Veteran Nunavut filmmakers shooting next feature production
"When you hear the terror, there was some realism there”
When it’s 3 a.m. and you’re naked inside your caribou skin sleeping bag in an iglu and the windchill has pulled the temperature down below -50 C and the director yells “action!” and actors playing the bad guys smash into your iglu and rip you from your blankets, those screams you scream are real.
“Yeah, when you hear the terror, there was some realism there,” said Jonathan Franz, producer and director of photography for Maliglutit, the latest Kingullit Productions feature-length drama currently being shot outside of Igloolik.
“We do our best. We have a heated tent and heated blankets just outside,” he said. “We got it in one take. But yes, we had a few nights like that, long and cold. But so far, no problems on the technical side and the actors have been troopers.”
Award-winning Igloolik director Zach Kunuk is directing Maliglutit, which means “the followers” in English.
It’s a working title, Franz said, because they’re still trying to find an Inuktitut word which means something closer to “The Searchers,” which is the English title.
Franz, Kunuk and roughly three dozen actors and crew spent about eight days at the beginning of March shooting iglu scenes near Ham Bay, just southwest of Igloolik.
On March 17, they’ll pack up again and head to Avammuktulik, a bay on the mainland about a half hour by snow machine, to set up camp and shoot the next batch of outdoor scenes. That should take about six days, if weather permits, Franz said.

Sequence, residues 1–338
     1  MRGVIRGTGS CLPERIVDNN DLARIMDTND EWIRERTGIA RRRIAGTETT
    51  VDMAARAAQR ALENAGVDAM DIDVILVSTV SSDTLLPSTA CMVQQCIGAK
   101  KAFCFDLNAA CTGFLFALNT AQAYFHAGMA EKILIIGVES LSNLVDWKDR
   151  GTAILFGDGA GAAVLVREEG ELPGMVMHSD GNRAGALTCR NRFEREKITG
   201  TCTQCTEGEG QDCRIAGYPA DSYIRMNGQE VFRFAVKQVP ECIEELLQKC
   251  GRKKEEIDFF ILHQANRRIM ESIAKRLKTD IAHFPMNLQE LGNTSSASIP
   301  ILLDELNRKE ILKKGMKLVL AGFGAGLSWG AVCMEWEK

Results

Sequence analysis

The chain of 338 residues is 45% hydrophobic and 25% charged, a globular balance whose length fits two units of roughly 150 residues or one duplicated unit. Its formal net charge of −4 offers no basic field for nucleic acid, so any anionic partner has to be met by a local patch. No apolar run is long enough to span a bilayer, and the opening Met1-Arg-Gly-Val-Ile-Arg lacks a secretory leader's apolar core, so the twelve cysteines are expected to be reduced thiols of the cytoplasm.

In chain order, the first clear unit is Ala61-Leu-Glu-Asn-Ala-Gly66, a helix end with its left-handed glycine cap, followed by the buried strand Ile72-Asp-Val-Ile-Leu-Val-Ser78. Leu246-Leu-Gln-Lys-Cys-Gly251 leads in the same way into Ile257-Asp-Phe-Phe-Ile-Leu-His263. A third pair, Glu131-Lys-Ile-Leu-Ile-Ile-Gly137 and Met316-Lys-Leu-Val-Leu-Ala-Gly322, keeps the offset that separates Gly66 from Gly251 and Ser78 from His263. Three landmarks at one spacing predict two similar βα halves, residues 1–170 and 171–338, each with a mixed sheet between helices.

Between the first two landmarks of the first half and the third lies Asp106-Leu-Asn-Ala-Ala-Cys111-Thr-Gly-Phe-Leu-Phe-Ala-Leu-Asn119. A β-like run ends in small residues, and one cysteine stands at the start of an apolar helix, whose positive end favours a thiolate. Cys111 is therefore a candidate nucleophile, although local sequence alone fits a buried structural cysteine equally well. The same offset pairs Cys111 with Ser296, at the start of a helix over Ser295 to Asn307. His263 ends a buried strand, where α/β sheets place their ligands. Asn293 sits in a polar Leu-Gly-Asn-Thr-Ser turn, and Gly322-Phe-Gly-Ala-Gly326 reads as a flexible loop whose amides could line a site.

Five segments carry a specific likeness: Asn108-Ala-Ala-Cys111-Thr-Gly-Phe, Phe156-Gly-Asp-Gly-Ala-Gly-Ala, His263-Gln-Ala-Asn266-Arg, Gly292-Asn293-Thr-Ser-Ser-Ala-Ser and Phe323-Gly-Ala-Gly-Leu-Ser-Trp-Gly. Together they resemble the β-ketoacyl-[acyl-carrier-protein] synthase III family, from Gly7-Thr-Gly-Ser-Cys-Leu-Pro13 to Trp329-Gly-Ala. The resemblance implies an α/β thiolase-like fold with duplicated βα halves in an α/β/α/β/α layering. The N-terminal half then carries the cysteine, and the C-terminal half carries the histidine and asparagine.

Maliglutit will be more action-packed, Franz said, and less dialogue heavy than the last film feature Kinguliit made — The Journals of Knud Rasmussen.
This will be a story of kidnapping, murder and revenge, all done in Inuktitut and set around 1913 in north Baffin.
“It’s a western movie, done Inuit style,” he said.
As in all Kinguliit projects, like Isuma projects before them, the film provides a valuable opportunity to mentor young people interested in the industry.
Costumes, many of which have been reworked from previous productions, are all made locally and design and production always involves both elders and youth so sewing skills and cultural components can be passed on, Franz said.
“The most impressive scene so far was the ice iglu scene where we had all the extras there and meat hanging from the walls and drum dancing and singing — you felt like you were time-warped into the early 1900s on this crazy landscape with authentic actors and clothing,” said Franz.
He says when he looks through the camera lens, he doesn’t see the dozen people with boom microphones and lights and headsets behind him. He just sees the scene in front of him and it can be surreal.
“For me, as an outsider, it was pretty powerful.”
Atanarjuat veteran actors Natar Ungalaq and Lucy Tulugarjuk, who are in the film, are helping to mentor young actors as well.
Most of the actors are in their mid-20s and are completely new to the business, Franz said.
“It’s a learning curve in a lot of different areas but so far it’s going well. They’re getting into their roles,” Franz said. “That’s the most important thing, that people are keen and excited about the project. The skills and the other things come with time so long as there’s commitment and enthusiasm for the project.”
After shooting at Avammuktulik, the crew plans to come back to town again, rest and regroup and then travel to Avaja, a small group of mountainous islands northwest of Igloolik. After that, they will only need to shoot a short spring scene and the filming portion of the production will be complete.
Franz and Kunuk are hoping to have a final edit of Maliglutit ready in the fall and have a brand new feature film completed by the end of 2015.
The Toronto International Film Festival has already expressed interest in screening the film next year but Franz said the finished production will first have a debut in Igloolik.